When looking for an LLC name, be creative but also be mindful of certain guidelines. For example, California does not allow certain words in its corporate names, including “university,” “bank” or “attorney.” Also, if you want to use two words together (e.g., "Blue Sky"), make sure you include an descriptor like "LLC" after it or risk having it called into question later on.

Preparing and Filing Your Articles of Organization

Ready to get the ball rolling? The third step in starting an LLC is preparing and filing your Articles of Organization. These documents are officially filed with the Secretary of State, which is the entity that’s responsible for registering business names. It must include certain information, such as:

  • LLC name
  • Registered agent name and address
  • An effective date
  • Name of the organizer who’s filing the document
  • Signature of the organizer

The Articles of Organization can be filed online or by mail, although some states require you to file in person. Whichever way you choose to do it, it’s smart to save a copy for your records.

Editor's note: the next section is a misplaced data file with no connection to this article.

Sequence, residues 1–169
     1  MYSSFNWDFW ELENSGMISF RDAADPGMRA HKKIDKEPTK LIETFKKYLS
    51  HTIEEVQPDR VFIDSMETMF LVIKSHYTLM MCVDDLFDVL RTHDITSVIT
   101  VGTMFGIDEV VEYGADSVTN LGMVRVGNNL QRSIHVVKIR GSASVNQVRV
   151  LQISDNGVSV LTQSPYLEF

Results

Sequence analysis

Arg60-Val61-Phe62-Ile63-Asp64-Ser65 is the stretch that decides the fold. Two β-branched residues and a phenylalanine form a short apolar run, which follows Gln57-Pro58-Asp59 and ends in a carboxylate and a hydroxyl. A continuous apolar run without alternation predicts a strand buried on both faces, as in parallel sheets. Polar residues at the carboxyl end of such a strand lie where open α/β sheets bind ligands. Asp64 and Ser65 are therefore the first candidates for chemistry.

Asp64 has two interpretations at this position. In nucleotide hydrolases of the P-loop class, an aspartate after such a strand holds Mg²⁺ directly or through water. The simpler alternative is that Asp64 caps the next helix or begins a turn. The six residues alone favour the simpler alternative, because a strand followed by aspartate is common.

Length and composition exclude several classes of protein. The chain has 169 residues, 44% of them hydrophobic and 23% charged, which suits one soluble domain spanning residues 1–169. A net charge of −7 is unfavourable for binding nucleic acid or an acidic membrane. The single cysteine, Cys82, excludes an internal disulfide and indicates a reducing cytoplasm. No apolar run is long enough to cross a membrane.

Another important part of filing your Articles of Organization is paying the filing fee, which can range from $50-$500 USD depending on your state. For example, in Georgia, it’s only $100 USD while in California you’ll pay almost double that amount. If you’re short on cash and need help finding funding—no worries! Check out our guide here.

Once all that is done, congratulations! Your LLC name is now legally protected—and business owners everywhere are celebrating with you!

Appointing a Registered Agent

You’re almost there! Now that you’ve determined your business structure and registered your LLC in your state, the next step is to appoint a registered agent. A registered agent is someone who’s authorized to receive official documents (like legal papers) on behalf of your LLC. This may include tax and regulatory notices, service of process documents, and other important notifications from the state. The registered agent must be available to accept such correspondence during normal business hours (at least 9AM-5PM) and must have an address in the same state where you want to form your LLC. You can choose to appoint yourself as the registered agent, or appoint someone else with a valid address in the same state.

To recap: A registered agent is someone who'll be responsible for receiving important documents on behalf of your LLC and must have an address in the same state where you're forming your LLC. You can either choose to appoint yourself or someone else as the registered agent.

Creating an Operating Agreement